image

And what this hedgehog had to do was stay away from my vagina because there was zero chance she was getting any eggs up there. 

Then the whole conversation about which way the eggs would be retrieved started again as she nodded manically at each thing I said, and I relayed the fact that they would not be getting a single thing, egg or otherwise, by going up my vagina. Finally they realised they probably needed to read my notes and I could see the moment at which they realised I had cancer, because the nurse, who was already really lovely, started looking sympathetically at me and then kept saying, “Bless you, bless you darling” for the rest of the appointment. Anyway, we finally got the debate settled and abdominal access was agreed upon, but it still needed to be checked that both ovaries could actually be accessed full stop, whether they were viable.

Normally in all my scans they find the right ovary easily but they have had real difficulty seeing the left. I have needed multiple different people scanning me and have had to lie on my back and on my side in different appointments. Initially, they thought it was being pesky and hiding behind my bowel but they were hoping that it would, as I had more hormone injections and my follicles grew, increase in size and become easier to see. Unfortunately this hasn’t been the case which means two things: firstly, that the left ovary isn’t viable, the problem being that it has slipped down from where it was clipped below my ribs, to behind my uterus which means it isn’t particularly accessible; secondly, that it hasn’t increased in size as dramatically as the right ovary, which is indicative of an absence of eggs that are ready to be harvested.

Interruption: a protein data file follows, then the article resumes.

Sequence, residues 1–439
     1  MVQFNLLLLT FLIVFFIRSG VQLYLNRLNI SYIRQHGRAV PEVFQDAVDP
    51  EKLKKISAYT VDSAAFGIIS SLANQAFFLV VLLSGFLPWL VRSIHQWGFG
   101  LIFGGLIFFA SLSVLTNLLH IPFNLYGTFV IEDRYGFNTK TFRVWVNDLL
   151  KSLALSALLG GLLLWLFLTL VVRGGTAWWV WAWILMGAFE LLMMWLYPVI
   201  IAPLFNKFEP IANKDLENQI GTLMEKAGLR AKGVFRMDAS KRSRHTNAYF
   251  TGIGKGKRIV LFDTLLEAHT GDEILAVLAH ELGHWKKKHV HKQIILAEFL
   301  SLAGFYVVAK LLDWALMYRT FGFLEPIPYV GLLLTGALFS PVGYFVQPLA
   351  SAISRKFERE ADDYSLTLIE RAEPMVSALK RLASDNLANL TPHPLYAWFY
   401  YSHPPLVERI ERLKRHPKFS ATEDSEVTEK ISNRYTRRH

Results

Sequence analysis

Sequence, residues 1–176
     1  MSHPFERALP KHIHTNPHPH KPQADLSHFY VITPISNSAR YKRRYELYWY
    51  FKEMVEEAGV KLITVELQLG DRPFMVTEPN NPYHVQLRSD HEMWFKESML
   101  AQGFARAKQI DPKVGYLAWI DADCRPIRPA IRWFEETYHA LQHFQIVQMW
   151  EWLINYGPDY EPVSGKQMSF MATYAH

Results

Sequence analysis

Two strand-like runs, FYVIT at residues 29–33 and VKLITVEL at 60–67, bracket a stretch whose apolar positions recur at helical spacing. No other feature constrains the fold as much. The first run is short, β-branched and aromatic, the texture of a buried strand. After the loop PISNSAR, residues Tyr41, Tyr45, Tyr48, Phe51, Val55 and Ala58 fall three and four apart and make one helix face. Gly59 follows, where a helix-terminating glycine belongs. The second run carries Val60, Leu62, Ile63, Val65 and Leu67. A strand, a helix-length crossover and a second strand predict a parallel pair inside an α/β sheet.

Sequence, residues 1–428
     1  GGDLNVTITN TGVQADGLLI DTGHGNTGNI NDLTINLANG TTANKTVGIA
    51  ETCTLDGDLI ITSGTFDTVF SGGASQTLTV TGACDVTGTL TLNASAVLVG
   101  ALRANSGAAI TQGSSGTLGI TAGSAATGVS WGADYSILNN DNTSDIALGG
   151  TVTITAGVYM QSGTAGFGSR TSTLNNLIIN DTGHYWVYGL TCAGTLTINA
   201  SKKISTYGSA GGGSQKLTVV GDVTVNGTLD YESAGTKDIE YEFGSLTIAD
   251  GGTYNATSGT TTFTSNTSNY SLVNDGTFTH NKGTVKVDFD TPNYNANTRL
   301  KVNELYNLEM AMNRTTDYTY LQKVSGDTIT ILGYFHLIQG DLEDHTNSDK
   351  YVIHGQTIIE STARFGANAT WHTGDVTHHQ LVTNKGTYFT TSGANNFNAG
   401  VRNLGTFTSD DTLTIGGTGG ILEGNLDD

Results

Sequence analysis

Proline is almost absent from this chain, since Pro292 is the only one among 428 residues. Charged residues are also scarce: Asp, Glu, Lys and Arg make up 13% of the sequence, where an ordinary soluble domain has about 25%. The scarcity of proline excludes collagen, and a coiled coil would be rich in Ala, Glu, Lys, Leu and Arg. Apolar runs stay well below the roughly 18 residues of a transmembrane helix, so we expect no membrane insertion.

image

The CSF leak that I burst after my spinal surgery. It originated from the fact my original surgeon nicked my dura, the thin membrane that contains the sac of CSF fluid and the spinal cord. That giant white area is actually the leak – the thin white line at the middle top is where it should be contained. My pelvis is now apparently “swimming” in CSF fluid. My back also now feels like a water bed if you poke it at the bottom – very retro, I know.

That news was shit, I’m not going to lie. It’s a total bummer and it feels any expectations of this harvest are getting lower and lower. It’s hard to be too mad about the fact my damn uterus is blocking the view, even though it feels like just another thing, because the only reason my uterus is there is because of the massive CSF leak I burst post operatively, which in turn was the thing that floated my uterus out of the way of the radiation. And the fact that my uterus was out of the way of the radiation means that I will actually be able to carry children in the future – news that we had to wait to hear in America at our initial consultation (yes, that was a very very nerve wracking appointment). So although things feel like they have worked out for the worst at this moment in time, actually they had previously worked out far more for the best.